• Companies notify policyholders/claimants/beneficiaries whenever they use independent claims adjusters or intermediaries.

Information to policyholders:

• When the damage is assessed through a written estimate made on behalf of the insurer, the insurer sends the policyholder/claimant/beneficiary a copy of the document used to set the amount of compensation.

Good Practice 6: Claim Processing

General issues:

• A company's claim procedures are gathered together in a manual for internal use. At least, one staff member should be responsible for ensuring that the manual is kept up to date and additions/amendments are made when necessary;

• Companies' claims department staff possess proper qualifications. To this end, companies encourage ongoing internal or external training of their claim staff;

• Regular internal audits are carried out for all claims not settled in their entirety. Internal audits apply to all stages of the claims management process. Peer reviews (where the claims department staff review each others' files) could also be carried out;

• In case of claim settlement procedures involving several insurance companies, policyholder indemnification is a priority: the claim should be compensated in an appropriate time period while potential disputes between insurers are resolved at a later stage. For the most common insurance claims (related to motor insurance, for instance), specific agreements are concluded between insurers to accelerate and simplify claims settlement procedures involving several insured parties;

• Insurance companies do not:

Conceal policy coverage provisions of any insurance policy when they are pertinent to a claim;

Dissuade policyholders/claimants/beneficiaries from obtaining the services of an attorney or adjustor;

Attempt to settle claims for less than the amount to which the claimant would be entitled to receive according to any written or printed advertising material accompanying the application forms. However, insurers may take legal action against any intermediary that has made irresponsible promises;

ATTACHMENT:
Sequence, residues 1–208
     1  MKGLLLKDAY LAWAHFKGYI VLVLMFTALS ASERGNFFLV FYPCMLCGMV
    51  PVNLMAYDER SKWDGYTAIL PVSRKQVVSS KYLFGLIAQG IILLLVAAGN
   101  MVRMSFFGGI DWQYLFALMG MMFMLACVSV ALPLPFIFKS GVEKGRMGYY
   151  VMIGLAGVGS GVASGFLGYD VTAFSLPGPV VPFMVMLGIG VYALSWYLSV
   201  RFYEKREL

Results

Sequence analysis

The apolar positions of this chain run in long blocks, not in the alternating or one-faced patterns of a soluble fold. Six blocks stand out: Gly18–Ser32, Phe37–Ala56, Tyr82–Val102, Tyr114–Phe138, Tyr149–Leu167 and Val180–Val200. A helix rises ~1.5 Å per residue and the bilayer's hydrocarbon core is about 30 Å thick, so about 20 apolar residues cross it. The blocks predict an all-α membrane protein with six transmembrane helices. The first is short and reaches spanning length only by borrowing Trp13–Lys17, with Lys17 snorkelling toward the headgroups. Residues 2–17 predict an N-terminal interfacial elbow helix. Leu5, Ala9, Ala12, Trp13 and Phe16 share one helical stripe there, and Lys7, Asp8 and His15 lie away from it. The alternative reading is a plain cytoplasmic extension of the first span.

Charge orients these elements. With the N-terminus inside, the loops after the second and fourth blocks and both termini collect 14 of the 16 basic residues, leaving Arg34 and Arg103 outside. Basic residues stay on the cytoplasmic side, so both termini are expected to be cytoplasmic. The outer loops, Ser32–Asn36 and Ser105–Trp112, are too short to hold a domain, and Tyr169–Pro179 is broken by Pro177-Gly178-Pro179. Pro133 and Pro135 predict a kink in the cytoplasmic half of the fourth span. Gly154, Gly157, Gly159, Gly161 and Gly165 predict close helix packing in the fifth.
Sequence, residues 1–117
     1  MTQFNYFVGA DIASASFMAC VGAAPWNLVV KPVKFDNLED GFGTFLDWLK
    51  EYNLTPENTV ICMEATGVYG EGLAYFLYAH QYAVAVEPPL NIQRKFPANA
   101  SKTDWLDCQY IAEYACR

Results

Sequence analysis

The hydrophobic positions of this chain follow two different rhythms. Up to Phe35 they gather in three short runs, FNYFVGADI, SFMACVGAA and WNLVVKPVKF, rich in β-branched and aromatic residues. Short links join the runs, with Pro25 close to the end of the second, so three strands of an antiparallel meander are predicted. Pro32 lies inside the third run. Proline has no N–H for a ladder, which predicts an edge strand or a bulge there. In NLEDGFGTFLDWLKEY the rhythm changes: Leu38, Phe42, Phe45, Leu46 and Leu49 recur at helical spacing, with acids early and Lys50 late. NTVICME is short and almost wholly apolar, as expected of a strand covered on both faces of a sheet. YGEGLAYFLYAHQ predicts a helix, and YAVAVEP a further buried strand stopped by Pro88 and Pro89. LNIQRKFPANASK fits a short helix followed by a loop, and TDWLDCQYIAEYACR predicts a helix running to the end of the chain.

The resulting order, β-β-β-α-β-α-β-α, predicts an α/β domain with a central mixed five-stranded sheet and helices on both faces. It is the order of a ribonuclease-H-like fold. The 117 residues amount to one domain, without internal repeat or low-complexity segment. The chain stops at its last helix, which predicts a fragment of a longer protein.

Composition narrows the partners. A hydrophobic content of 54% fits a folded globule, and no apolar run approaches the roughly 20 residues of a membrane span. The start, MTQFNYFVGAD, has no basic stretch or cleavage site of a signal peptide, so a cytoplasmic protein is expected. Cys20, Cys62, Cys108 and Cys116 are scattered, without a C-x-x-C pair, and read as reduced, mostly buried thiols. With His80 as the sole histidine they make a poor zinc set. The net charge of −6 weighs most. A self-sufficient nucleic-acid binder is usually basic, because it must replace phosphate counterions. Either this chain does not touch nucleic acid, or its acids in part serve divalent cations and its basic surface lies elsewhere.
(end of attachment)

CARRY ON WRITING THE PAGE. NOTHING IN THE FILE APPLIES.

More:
Deny a claim without reasonable investigation;

Transfer responsibility for the claim to others, except as may be expressly provided for by policy conditions.

Provision of information to policyholders:

• The company keeps policyholders/claimants/beneficiaries informed of the progress during the claims process. The company provides information on when payments, repairs or replacements are expected to be made, and, if necessary, explains why additional time is required.

• When the company decides to call on outside parties (i.e. loss adjusters, solicitors, surveyors, etc.), it informs policyholders/claimants/beneficiaries of this fact, gives the reasons for this decision and explains the role that these outside parties will play in processing the claim.

• When a final payment or offer of settlement is made, the company explains to policyholders/
claimants/beneficiaries what the payment or settlement is for and the basis used for the payment/settlement.

• The insurance company documents their claim files in order to be able to address questions that may arise concerning the handling and payment of the claim.

Cases of no/partial payment claims:

• If the claim is denied, the insurance company states explicitly to the policyholder/claimant/beneficiary the policy provision, conditions or exclusion on which the denial is based;

• If the amount offered is different from the amount claimed, the insurance company explains the reason for this to the policyholder/claimant/beneficiary;

• When the insurance company is not responsible (by virtue of policy clauses) for meeting all or any part of the claim, it notifies the policyholder/claimant/beneficiary of this fact and explains why.

Good Practice 7: Timely Claim Processing

• In accordance with applicable insurance law, companies may specify in the contract the most likely period of time for responding to correspondence from policyholders/claimants/beneficiaries.

• Once policyholders/claimants/beneficiaries have filed a claim:

They are informed of the acceptance or denial of the claim within a reasonable amount of time after the receipt of the notification;